Once Lilli Gordon found the beauty industry, she left her old career in finance and economics behind. After decades crunching numbers, Lilli wanted to solve different kinds of problems. Specifically, skin challenges. So she founded her own business, First Aid Beauty. She joined us this week to talk about how she knew it was time to change industries. And how she built her company from the ground up.
Danielle: What’s some advice for people that have spent years building up a network and a core competency in one industry, and then think they can use it to do something different, but aren't sure necessarily how to take those first steps, or how to present that on a resume or when talking to someone in an interview?
Lilli: I think there are a couple of things. I think you really have to understand what your passion is. Because passion is contagious. And passion is something I think people are naturally attracted to. I think you have to use your connections. And you might say, "Well, you know, I don't have connections, because I was in this industry." Well, I found connections.
I found [that] it just takes one person to get on the pathway to connecting. And so I think [it’s about] connecting with people in the industry that you're interested in, and really, really conveying your story, your passion, your skill set, and why this is the pathway to do it. It’s hard work.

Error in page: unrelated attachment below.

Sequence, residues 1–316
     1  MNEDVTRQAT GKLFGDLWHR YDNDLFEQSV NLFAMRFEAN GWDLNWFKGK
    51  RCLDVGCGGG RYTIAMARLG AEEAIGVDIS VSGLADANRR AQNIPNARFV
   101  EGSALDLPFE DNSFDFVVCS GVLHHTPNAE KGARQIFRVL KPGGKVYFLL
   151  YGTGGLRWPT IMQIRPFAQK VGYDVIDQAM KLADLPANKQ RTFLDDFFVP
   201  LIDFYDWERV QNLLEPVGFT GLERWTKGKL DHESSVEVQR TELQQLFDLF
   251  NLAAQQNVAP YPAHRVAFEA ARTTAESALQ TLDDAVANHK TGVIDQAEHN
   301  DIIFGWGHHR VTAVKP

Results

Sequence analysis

Danielle: What do you think some advantages were coming into the beauty industry as an outsider of sorts?
Lilli: You know, I think if I were an insider I'd be stuck with a way of looking at it, and I think I came up with the idea for First Aid Beauty because I was an outsider. There were no rules. There were no walls. There were no ceilings…. I came at it as a true consumer.
…. So I was free from the traditional ways of looking at things, which really made everything possible, and I could approach it without bias and with more authenticity.
Lilli: I don't take no for an answer. I always believe there's a way to achieve what you want to achieve. I mean, for most things…. And I guess I had to hold on to that belief, because the self-doubt is just so antithetical to what it takes to be a successful entrepreneur. You have to have guts. You have to have this crazy almost irrational belief in your own ability to get something done, in your own vision that you're creating.
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